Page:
by Helen King (monthly contributor)
I was recently talking to a breakfast group about ‘Bodies, ancient and modern’. No, I don’t know why they wanted to hear about bodies at breakfast, either – I prefer to focus on my muesli. In the section in which I talked about the history of gaining knowledge of the body, I showed a slide of one of Gunther von Hagens’ plastinated corpses, and I made the point that – although what you are seeing is a real body, treated after death to preserve it – they end up looking a lot more dry and hence ‘unreal’ than the wax images of the eighteenth century. Von Hagens is known in the media as ‘Dr Death‘ and his bodies do, indeed, look very dead, regardless of the lifelike and active poses in which they end up. Interesting questions about ‘reality’ and art are raised by this. When you consider a wax image, the colors and the shine of the wax give a far more ‘wet’ and thus ‘real’ impression than any real but subsequently plastinated body.
Many years ago, I taught a few sessions on an MA degree, ‘Death and Society’, set up by Tony Walter. It was an interesting course, taken by a number of funeral directors as professional development, as well as by others from all walks of life. I taught them how cadavers were treated in the early modern period in order to ‘make’ skeletons for teaching purposes. Illustrated here in one of Vesalius’s capital letters from Fabrica (1543), you can see one stage, in which the corpse was treated with quicklime and then that was washed off by placing the coffin, pierced with holes, in a river. You can see the corpse’s hand coming out from under the lid…
At the end of one year’s course, in 2002, I was invited on the official course outing. This had two parts. First, we went to von Hagens’ Bodyworlds exhibition, then on display in East London. I admit, I was in two minds about this. It’s one thing looking at representations of bodies, even flayed or dissected ones – but quite another to gaze at a body and know it was once a living person who at some point donated his or her mortal remains to be treated and displayed. Here, I’m glossing over the claims that not all of the bodies one sees in the exhibition came by that route, claims which add their own spice to the experience, as they recall the history of body-snatching in the production of anatomical knowledge.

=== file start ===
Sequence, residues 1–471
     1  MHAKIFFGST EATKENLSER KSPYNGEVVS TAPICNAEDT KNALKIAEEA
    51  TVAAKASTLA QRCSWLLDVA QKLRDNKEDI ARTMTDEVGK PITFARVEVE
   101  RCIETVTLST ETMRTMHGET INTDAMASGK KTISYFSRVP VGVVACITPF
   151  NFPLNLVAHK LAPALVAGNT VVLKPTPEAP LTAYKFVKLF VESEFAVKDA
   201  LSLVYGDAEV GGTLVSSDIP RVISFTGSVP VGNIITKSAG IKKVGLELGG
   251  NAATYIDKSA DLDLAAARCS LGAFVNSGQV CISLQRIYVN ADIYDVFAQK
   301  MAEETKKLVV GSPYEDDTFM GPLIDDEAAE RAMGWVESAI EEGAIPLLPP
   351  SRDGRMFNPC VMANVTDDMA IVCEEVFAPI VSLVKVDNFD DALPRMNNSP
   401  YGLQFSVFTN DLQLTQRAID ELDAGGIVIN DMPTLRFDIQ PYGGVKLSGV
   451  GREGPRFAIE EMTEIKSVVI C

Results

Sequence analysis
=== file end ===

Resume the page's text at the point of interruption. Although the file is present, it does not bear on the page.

The people going round the exhibition were a mix of ages and backgrounds. Some brought along their children or partners, in some cases because one of them was in a medical job and wanted the other to see what it’s all about. Some came because of a particular personal experience; I watched one woman talk another through the display of damaged and replacement hip joints, sharing what had happened to her. Being with the MA group, which included archaeologists, gave me an extra dimension, as they pointed out to me that von Hagens’ focus was on muscles, and his treatment of bones was often less careful and left sharp edges visible.
I was doing absolutely fine until I came face to face with a representation of a man carrying his own skin. No, wait, let’s get this right: with a real human body posed with his skin. This is an image used by Vesalius, and seeing real bodies in poses deliberately recalling iconic images of the history of medicine is enough to make anyone confused about where the boundaries lie! But in this case, a further disorienting factor was the soles of the feet. Somehow, those were very personal, a vivid reminder of just what I was really looking at.
And then we had lunch. I wasn’t as hungry as usual. For the second part of the outing, we went to a London funeral parlor. Including the mortuary and the embalming room.
And do you know what? It was nowhere near as disturbing as the soles of that man’s feet.